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Negotiating Climate Change

A Forensic Analysis

Aynsley Kellow

This book examines how an error in global meta-policy set climate change negotiations on an unproductive course. The decision to base negotiations on the Montreal Protocol and overlook the importance of interests, it argues, institutionalised an approach doomed to fail. By analysing interests, science and norms in the process, and the neglect of ‘interactive minilateralism’, learning was delayed until the more promising Paris Agreement was finally concluded, only to encounter a Trump Presidency, which (ironically) might offer further learning opportunities.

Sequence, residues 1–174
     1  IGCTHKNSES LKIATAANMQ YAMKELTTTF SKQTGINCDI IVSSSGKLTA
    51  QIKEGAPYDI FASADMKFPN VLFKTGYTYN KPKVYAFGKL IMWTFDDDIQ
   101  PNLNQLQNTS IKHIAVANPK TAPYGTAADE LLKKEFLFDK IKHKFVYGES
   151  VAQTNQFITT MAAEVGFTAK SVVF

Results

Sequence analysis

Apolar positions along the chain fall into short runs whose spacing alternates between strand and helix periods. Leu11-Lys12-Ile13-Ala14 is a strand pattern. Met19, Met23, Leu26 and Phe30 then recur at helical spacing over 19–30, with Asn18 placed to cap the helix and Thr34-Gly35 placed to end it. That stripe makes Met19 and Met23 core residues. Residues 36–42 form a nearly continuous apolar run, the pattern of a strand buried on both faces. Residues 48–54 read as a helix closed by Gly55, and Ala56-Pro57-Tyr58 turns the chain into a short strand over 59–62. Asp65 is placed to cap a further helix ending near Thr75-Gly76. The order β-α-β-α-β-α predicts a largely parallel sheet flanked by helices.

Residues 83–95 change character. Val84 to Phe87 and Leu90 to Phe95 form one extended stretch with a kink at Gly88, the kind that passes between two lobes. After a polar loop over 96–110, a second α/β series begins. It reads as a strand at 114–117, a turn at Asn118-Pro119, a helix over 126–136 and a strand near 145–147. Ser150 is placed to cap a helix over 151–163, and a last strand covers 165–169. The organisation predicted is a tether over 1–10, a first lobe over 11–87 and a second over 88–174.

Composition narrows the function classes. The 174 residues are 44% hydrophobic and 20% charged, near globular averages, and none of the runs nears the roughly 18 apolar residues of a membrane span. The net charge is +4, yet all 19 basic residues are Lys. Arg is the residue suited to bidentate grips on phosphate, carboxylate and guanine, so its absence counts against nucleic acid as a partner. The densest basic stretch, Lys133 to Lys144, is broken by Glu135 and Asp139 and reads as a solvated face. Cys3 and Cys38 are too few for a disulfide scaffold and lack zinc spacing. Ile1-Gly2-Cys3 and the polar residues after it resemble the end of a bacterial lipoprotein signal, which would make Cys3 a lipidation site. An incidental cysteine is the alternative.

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Chapter 2: Business interests, energy competition and climate change

A Forensic Analysis

Aynsley Kellow

Extract

This chapter sets out the nature of interests surrounding the climate change issue, noting that contra Naomi Klein’s claim that it is capitalism versus the climate, climate change is a regulatory issue that divides capitalism along sectoral lines according to the carbon intensiveness of energy sources, and this aggregates into different national interests which have been prominent in climate negotiations. Ignoring differences in interests was a significant factor in the failure of the Kyoto Process. Climate science, to an undesirable extent, became political science, heightening partisan differences, particularly in the United States.

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